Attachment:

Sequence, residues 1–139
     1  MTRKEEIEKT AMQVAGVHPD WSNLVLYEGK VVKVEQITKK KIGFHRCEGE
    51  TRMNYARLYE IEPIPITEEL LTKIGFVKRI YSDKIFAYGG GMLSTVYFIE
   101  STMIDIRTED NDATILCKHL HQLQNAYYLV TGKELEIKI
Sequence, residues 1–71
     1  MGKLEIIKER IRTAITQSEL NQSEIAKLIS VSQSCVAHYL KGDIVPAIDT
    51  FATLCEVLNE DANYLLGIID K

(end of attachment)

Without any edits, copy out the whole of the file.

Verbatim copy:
Sequence, residues 1–139
     1  MTRKEEIEKT AMQVAGVHPD WSNLVLYEGK VVKVEQITKK KIGFHRCEGE
    51  TRMNYARLYE IEPIPITEEL LTKIGFVKRI YSDKIFAYGG GMLSTVYFIE
   101  STMIDIRTED NDATILCKHL HQLQNAYYLV TGKELEIKI
Sequence, residues 1–71
     1  MGKLEIIKER IRTAITQSEL NQSEIAKLIS VSQSCVAHYL KGDIVPAIDT
    51  FATLCEVLNE DANYLLGIID K